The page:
First bus trip, first breakdown. The roads through Masai Mara in Kenya provide good business for 2nd hand tyre firms.
Flies are one thing I’ve never been able to stand, but the flies on this bus were by far and away the worst I’ve seen anywhere. An infant next to me was been happily breastfed with about 20 of them crawling over her mouth and eyeballs.
I was amazed every day from here on in by the patience African children display at such an early age.


1. Tortoises outside the tent in Nairobi kick off the first of many animal mating encounters.
2. Weary hippo eyes emerge from the wallows of the Mara River.


On arrival in the last township along the endless dirt road. At one point the bus jolted so hard I swear my brain near exited my head. Dry hot and dusty, this day was one of the few to live up to the stereotypical African climate. It was a big shock in our first few weeks to realise Africa gets really cold at night. Having come stupidly unprepared  with no sleeping bag, sleeping mat or pillow, I just had to make do. Luckily the people of  the Masai tribe make and sell warm, colourful blankets.


First sighting of a giraffe through the tree-tops.


A Black-backed Jackel and the graceful understated Impala in the Masai Mara area.


A group of grazing Topi.


Gathering firewood, Masai Mara.


Hyena’s freak me out for many reasons. They will hunt absolutely anything, and their bark sounds like a squadron of zombie witches laughing in a cave.


The start of a big thunderstorm rolling in across the Masai plains.


‘The weekender’ moves indoors. Torrential thunderstorms were frequent, and in the Mara area we took up shelter in an unused shed rather than brave it.


Cutest of the bunch, with saggy-baggy skin. I wanted to take it home in my bag quite badly, but at only one month old she was already the size of a pony.                                                                                                                                                      Back to Home


Cleansing mud baths are used for cooling down.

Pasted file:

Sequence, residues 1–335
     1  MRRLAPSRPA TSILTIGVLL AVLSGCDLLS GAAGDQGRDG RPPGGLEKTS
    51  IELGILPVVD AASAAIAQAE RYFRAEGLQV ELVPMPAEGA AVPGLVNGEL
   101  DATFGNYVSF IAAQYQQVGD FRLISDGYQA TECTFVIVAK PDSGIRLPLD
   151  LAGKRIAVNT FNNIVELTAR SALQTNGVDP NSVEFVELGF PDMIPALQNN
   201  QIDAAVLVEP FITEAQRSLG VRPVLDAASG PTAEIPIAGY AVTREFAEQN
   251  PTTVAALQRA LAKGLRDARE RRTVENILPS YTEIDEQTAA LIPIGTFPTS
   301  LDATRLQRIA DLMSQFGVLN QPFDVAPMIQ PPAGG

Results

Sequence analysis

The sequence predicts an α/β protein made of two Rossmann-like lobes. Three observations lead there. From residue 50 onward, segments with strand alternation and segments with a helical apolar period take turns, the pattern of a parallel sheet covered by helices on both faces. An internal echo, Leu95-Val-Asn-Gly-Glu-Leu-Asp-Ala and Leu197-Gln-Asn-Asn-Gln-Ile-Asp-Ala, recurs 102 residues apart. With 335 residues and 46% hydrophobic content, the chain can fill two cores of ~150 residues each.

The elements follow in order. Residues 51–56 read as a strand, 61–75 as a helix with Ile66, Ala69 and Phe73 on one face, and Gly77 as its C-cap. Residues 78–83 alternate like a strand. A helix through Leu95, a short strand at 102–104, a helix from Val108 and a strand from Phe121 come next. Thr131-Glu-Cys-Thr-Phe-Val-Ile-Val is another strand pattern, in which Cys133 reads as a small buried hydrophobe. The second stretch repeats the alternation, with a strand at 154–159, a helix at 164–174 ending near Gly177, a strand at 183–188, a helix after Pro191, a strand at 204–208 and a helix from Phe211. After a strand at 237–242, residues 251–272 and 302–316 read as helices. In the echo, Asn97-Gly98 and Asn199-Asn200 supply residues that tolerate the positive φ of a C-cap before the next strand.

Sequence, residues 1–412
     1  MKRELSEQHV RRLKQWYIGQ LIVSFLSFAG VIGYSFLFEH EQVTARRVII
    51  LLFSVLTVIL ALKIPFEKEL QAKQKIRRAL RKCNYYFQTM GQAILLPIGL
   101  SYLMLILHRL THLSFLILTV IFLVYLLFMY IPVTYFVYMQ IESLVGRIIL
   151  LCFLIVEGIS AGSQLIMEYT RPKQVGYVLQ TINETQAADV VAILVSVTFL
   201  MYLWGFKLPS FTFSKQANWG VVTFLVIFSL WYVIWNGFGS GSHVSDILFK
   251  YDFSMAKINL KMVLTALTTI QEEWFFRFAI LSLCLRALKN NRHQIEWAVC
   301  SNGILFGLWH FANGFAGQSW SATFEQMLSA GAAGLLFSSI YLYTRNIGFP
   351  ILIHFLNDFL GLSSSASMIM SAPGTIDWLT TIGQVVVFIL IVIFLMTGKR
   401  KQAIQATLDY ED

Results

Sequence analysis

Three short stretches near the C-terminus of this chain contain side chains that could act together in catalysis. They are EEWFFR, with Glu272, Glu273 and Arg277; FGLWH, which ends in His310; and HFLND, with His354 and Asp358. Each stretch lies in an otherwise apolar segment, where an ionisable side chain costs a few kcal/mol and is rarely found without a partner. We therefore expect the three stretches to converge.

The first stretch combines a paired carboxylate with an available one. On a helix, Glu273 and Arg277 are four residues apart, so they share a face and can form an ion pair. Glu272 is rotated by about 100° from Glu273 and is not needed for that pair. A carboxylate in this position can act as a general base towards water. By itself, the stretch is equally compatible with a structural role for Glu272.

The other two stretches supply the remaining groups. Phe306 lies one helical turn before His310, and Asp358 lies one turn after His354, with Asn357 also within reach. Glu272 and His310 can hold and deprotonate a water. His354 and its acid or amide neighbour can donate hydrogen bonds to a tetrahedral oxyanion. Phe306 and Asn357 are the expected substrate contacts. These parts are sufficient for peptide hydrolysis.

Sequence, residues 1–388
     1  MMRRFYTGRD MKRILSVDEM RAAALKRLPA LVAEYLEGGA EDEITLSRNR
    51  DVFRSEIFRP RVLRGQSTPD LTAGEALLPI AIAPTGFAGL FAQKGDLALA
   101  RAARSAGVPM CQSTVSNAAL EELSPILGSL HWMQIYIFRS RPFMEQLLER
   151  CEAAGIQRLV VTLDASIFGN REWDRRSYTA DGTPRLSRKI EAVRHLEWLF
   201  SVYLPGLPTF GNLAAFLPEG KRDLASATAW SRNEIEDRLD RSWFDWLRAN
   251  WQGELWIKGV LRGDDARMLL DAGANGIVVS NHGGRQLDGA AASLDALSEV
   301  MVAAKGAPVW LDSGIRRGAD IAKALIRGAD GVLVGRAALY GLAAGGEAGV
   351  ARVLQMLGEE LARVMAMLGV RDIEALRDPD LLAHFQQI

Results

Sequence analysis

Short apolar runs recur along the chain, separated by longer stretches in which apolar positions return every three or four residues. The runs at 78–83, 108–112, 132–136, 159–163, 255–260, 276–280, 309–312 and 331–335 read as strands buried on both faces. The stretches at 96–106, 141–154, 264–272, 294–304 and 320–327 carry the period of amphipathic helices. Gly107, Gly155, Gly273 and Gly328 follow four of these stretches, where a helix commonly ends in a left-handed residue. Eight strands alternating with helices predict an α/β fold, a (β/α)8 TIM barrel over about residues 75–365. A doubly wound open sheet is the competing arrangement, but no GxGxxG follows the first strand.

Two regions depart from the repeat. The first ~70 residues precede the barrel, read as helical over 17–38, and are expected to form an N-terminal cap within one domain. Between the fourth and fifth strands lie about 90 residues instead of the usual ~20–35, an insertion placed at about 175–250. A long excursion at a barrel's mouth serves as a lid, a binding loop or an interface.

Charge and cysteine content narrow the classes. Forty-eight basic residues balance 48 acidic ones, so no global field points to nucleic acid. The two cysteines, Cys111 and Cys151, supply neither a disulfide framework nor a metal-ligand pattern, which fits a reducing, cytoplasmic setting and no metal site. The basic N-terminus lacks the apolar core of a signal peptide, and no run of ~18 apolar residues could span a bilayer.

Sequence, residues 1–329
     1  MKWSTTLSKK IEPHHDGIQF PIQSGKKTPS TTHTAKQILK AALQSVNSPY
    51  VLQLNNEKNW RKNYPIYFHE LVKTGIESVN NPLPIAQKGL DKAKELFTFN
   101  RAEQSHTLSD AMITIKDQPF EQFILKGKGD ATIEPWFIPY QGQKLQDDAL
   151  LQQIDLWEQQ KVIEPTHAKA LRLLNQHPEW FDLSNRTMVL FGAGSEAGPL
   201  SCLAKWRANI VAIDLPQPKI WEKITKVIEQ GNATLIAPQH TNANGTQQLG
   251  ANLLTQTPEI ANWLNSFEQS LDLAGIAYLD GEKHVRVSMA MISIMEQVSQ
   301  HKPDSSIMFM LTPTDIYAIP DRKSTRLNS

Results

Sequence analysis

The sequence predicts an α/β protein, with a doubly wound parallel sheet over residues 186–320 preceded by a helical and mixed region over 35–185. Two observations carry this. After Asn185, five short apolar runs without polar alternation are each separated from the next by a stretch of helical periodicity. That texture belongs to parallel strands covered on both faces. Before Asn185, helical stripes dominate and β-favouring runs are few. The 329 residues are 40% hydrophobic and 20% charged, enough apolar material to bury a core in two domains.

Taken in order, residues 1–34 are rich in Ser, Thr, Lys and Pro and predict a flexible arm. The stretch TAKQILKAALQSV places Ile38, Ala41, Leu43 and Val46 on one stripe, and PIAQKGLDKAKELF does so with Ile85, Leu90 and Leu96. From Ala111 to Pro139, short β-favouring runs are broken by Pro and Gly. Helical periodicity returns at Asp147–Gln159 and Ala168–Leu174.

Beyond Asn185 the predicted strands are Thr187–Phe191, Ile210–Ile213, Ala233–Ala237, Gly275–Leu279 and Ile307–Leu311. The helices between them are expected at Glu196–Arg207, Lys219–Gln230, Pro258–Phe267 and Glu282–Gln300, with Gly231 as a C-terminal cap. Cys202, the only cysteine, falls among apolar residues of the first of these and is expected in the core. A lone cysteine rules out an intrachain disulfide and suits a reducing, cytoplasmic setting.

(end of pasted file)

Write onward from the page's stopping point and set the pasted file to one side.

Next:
5pm: Start of the hunting hour for lions.


A couple of Yellow-billed Oxpecker’s feed off a dozy buffalo.


Lioness and cub relaxing in the morning sun. Not long afterwards the cub decided to wander over and explore round the vehicle. Its mum did not look happy as she charged over to haul it away.


The Crowned Crane.


Daniel befriends us and we go for a rather long stroll through the Masai farmlands. It was about here I first grew envious of Africans’ naturally advanced-formula skin protection against the suns harmful rays. Got to love that sunburn.


Chief lunch-stealer.


Hells Gate park in the Naivasha region of Kenya. There’s something so nice about randomly spotting wildlife from the seat of a bicycle. They are less likely to see you coming too.


A nose-to-tail collision in rush hour park traffic.                                                                                                             Back to Home


These zebra appeared in a cloud of dust out of the bushes while we were stopped to watch giraffes at play.


Wandering around one day, we found a small path running down through the bush. It was such a surprise to stumble upon this beautiful blue lake. Giraffes, flamingo, zebra, hippos, lions and Tree-climbing leopards (according to footprints we found) live on or in Lake Oloiden. It would have been nice to stay there longer, but where there’s footprints there’s normally something making them.


Lesser flamingos spend a good part of each day admiring their own reflection.


In a lot of the world, wealth is measured by the number of cattle you have. These herdsmen are pretty well off.


Hippo skulls at Lake Naivasha. Hippo’s are the most dangerous animal in Africa, killing more people each year than anything else. They may be big and awkward looking, but over land they can reach up to 50km/hour.


Buffalo skull with termites.


Marabou storks have to be seen to be believed. They are huge and extremely ugly. Under their beaks lies a convertable skin-flap, which they flop out at random. Marabou’s are quite useful for keeping monkeys at bay.


1. The red colour of Lake Naivasha is due to pollutants that run off from all the nearby flower farms. 99% of the flowers are exported to Europe for sale, and there is zero responsibility from the various companies involved regarding the resulting Environmental impact, nor the health problems it is causing many of the workers through lack of safety regulations when handling chemicals.
2. A black and white Colobus monkey in the tree-tops at the campground, Lake Naivasha, Kenya.

Joy Butchery. Hairdressers and Butchers topped my list for consistently amusing / inventive names.
One particular favourite near the Tanzania-Zambia border was a hair salon called ‘The when God says yes hair voyage’.

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All content copyright © Charlotte Hayes 2011
Please respect the rights of the people and places photographed and do not download for any profiteering purposes.

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